7 Cleaning Tips: How to Wash and Dry Jeans & Denim
Some people swear you should only handwash your favorite pair of jeans. Others say you shouldn't wash them at all. But most of us just toss this wardrobe staple in the washing machine along with the rest of our laundry without thinking twice. So does your denim really need soap and water? Does the old tale of freezing jeans actually work? So what's the best thing to do?
Here are some simple tips that will help you learn how to wash jeans so your favorite pair looks better and lasts longer — because once you finally find the perfect pair, you really do want it to last forever.
1. Keep things gentle.
Denim may seem like a tough fabric, but that doesn’t mean you should choose a heavy duty wash cycle. Instead, opt for a delicate or gentle cycle, and use cold water to avoid shrinking or fading. Opt for a mild detergent, especially one made specifically for dark clothes if your jeans are blue or black.
2. Turn jean inside out.
Turning jeans inside out helps protect the fibers on the outside of the jeans from friction and direct exposure from detergent, which helps prevent fading. However, it’s not rare for jeans to bleed dye, especially if they’re new. Before you toss your jeans in the laundry, read the care instructions to see if you should wash them separately at first. If you must wash your jeans with other clothes, try to wash them with similarly colored jeans or clothing.
3. Don’t get spun out.
Heat can shrink, fade or yellow denim, and it can also cause damage to stretch denim fabrics that contain spandex or Lycra. The best way to dry jeans is by hanging them up to air dry. If you need to use a dryer, select a low or no heat cycle and use dryer balls to keep your jeans tumbling. Remove the jeans while they’re still slightly damp, then stretch the seams and hang them up to finish drying.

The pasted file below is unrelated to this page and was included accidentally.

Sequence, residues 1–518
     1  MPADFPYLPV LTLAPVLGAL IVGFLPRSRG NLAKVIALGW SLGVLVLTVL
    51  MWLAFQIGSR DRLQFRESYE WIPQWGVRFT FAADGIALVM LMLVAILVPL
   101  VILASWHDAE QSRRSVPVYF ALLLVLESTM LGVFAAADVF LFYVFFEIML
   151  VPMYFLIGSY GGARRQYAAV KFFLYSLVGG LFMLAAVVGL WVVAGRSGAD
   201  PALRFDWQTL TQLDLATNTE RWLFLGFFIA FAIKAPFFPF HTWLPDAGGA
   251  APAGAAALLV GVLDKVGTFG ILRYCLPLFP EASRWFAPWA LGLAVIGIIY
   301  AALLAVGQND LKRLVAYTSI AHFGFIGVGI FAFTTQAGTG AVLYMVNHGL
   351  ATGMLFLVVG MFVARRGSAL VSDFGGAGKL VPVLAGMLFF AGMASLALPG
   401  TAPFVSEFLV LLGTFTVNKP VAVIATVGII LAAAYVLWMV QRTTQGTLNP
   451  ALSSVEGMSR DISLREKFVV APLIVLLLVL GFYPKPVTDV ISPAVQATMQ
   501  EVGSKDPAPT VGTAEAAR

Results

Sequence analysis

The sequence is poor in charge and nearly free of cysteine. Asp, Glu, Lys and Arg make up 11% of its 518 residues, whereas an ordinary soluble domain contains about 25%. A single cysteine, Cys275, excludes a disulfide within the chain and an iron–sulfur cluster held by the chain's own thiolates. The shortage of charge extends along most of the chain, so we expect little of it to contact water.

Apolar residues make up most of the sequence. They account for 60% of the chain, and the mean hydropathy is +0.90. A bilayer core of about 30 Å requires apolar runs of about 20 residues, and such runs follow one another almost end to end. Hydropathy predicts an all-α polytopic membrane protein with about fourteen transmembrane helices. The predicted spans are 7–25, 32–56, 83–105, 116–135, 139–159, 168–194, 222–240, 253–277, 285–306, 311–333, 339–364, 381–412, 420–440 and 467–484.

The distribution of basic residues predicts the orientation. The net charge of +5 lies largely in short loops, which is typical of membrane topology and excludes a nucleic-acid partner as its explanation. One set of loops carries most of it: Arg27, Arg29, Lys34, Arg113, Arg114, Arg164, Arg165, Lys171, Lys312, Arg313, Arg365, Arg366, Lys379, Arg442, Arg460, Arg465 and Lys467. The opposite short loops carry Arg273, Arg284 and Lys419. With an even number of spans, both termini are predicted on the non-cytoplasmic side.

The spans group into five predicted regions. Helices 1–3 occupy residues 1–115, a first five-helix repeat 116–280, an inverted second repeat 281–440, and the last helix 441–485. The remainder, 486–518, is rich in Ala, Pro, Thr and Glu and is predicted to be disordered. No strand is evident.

4. Make a splash.
For new or lightly soiled jeans, you can use the soak cycle on your washing machine. Let the tub fill with water then mix in a gentle detergent made for dark fabrics. Turn your jeans inside out and lay them in the water – you can fold them to fit if need be, but don’t bunch them up. Let your jeans soak for 30-45 minutes, then drain the water, refill it and let your jeans sit for 10 minutes to rinse. Repeat the rinsing steps until the water is clear. If you don’t want to use your washing machine, you can also repeat the same steps with your bathtub, kitchen sink or a large basin with a few inches of cold water.
5. Wash white jeans properly.
Unlike blue or black denim, white jeans are more likely to show stains. When it comes to washing white jeans, wash them separately or with other white clothes. Use cold water for a lightly soiled pair and warm water for more heavily soiled ones. In addition to using a gentle cycle, choose an extra rinse option to make sure that all detergent is thoroughly removed. While it seems counterintuitive, you should actually avoid using bleach – it can cause yellowing or even damage the fabric. Fabric softener should also be avoided, since it can cling to the fabric and cause a dulling effect. As with other jeans, let them air dry or put them in a low/no heat dryer cycle.
6. Prevent shrinking and bleeding.
To prevent shrinking or bleeding, only use cold water to wash your jeans, and wash them separately or with similarly colored denim. If you decide to handwash your new jeans, don’t wring them out when you finish rinsing them. Instead, fold or roll them before squeezing out the leftover water. Once they are damp, hang up your jeans to finish drying.
7. The best way to dry jeans & denim.
When it comes to drying jeans, be sure to turn your pair inside out and tumble dry them on a delicate cycle and low heat setting, unless the care label directs otherwise. Toss in a few dryer balls to help keep them tumbling, so they’ll dry more evenly. Plus, jeans will actually last longer and stay in shape better if you take them out of the dryer when they're slightly damp. Simply tug them into shape, smooth out the wrinkles, hang your jeans and let them air dry.